This match was of huge importance. In Scotland’s top division, 12th place is automatically relegated to the Championship, while 11th goes into a long-winded playoff system. With the advantage of a jam-packed Tynecastle backing them I would have faith in them disposing of any team in the playoffs, but an automatic relegation would be a nightmare.
They suffered relegation in 2013/14, though this was in no small part down to the fact that the team fell into administration, just two years after defeating city rivals Hibernian 5-1 in the Scottish Cup final. This relegation was obviously detrimental to Hearts, though it shone a light on their loyal fans who dug deep into their pockets to help the club keep afloat during some trying times.
This time, however, money is not the problem for Hearts. Every fan will have their own views on what went so wrong. Former manager, and current director of football, Craig Levein, takes a large portion of the blame, though it is hard to fathom how he let his side go from top of the league to bottom in such a small time frame.
The noise and enthusiasm that had rung out at 3pm had dissipated by 15:05, drowned out by the couple of hundred Hamilton fans who had braved the trying conditions of Storm Dennis to make the match. With the game only 15 minutes old a calamity of errors at the back for Hearts saw a penalty conceded, with Greek striker Marios Ogkmpoe converting to seal his second goal of the game.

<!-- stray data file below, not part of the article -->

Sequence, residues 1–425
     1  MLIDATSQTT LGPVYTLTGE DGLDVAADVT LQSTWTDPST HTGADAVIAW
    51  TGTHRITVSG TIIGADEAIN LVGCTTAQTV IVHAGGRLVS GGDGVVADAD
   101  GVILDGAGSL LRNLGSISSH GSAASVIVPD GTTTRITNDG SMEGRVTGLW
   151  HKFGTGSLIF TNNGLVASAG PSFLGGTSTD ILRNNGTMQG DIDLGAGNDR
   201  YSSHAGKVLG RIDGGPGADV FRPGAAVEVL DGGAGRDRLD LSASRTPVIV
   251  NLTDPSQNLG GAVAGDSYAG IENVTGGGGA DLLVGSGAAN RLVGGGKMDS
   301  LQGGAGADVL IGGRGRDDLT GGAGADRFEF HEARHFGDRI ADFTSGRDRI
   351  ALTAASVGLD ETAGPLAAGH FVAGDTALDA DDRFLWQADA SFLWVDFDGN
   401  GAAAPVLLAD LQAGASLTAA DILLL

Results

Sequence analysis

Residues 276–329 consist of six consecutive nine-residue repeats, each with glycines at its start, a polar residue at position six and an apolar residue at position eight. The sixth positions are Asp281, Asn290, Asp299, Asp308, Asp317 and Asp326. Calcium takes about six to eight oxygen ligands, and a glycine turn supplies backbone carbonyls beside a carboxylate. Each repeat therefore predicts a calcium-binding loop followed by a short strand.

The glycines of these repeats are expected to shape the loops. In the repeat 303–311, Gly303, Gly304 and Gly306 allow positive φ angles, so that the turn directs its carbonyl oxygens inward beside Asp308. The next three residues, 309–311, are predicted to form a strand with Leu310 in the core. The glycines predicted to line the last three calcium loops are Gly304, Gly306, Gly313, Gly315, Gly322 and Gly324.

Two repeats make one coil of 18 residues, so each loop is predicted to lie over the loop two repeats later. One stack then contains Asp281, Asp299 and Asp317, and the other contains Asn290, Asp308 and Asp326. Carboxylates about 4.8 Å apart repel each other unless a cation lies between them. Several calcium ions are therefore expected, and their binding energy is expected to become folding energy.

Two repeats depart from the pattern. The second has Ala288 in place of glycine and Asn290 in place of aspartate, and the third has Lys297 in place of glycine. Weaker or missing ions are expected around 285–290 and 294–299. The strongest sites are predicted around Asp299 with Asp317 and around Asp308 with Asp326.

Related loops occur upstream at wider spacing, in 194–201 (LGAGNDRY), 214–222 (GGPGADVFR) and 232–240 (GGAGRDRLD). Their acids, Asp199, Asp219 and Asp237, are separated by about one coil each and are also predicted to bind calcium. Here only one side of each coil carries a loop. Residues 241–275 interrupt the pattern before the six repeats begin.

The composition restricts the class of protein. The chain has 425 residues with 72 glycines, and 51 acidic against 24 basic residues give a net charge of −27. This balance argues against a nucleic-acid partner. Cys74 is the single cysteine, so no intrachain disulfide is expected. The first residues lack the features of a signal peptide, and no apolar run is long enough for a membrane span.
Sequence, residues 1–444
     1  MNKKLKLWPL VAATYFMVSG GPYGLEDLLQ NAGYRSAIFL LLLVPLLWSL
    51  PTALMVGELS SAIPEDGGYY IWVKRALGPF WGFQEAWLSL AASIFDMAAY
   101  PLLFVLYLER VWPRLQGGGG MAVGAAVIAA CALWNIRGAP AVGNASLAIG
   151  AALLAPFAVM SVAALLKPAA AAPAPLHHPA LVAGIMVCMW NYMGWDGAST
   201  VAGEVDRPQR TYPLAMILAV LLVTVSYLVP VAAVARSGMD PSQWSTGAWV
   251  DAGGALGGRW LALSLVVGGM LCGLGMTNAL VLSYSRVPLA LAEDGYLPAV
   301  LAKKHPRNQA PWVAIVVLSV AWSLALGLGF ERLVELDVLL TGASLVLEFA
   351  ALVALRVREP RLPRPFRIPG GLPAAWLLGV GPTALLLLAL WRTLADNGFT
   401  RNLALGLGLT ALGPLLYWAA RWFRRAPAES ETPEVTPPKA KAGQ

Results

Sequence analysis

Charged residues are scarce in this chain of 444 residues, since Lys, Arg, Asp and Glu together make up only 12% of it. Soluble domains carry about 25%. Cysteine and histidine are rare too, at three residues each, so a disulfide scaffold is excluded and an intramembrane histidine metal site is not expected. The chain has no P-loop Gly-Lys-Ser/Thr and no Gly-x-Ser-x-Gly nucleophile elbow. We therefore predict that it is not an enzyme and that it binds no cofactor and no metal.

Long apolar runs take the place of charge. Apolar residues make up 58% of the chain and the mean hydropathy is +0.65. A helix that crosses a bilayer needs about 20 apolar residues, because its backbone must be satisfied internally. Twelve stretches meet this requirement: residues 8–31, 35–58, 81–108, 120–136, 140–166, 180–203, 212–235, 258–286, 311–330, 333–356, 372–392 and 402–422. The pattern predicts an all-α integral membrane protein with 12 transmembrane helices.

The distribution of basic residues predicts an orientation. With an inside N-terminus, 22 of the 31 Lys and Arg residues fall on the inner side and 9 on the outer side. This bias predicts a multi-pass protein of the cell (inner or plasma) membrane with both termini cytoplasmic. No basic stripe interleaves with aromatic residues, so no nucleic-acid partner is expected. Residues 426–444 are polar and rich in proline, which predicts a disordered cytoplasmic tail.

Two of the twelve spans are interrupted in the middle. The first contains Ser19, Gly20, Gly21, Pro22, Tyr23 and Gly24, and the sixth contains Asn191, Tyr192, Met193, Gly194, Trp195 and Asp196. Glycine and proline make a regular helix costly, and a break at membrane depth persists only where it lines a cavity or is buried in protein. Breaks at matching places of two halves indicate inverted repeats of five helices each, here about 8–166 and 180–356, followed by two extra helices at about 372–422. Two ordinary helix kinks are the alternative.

In the warmup some would-be comedian had noticed his shirt number, 99. He had shouted “number 99, are you a footballer or a f*****g ice cream” to a spattering of awkward laughter. I can’t imagine Ogkmpoe had heard the fan, but he left little doubt that he was a footballer, and a pretty damn good one at that.
The rain kept teeming down as the Hamilton players tore off in celebration; they were already a point above Hearts in the table, if they could keep this up, they would be four points clear. In the space of fifteen minutes the atmosphere had turned from anxious to inspired, inspired to angry and from angry to sheer poisonous.
The husband of the couple who had been so friendly and joked with us when they walked in stood up and screamed that the team were “a bunch of spineless c***s”. The game was still young yet more than a couple of people left, a season of utter ineptitude evidently reaching boiling point. It felt like a riot was about to happen.
I am a Dundee United supporter. I have been in that atmosphere before. I’ve felt the hurt of seeing your side falter to a supposedly worse team, watching as strikers missed chances that ordinarily would have gone in, but just took the wrong deflection.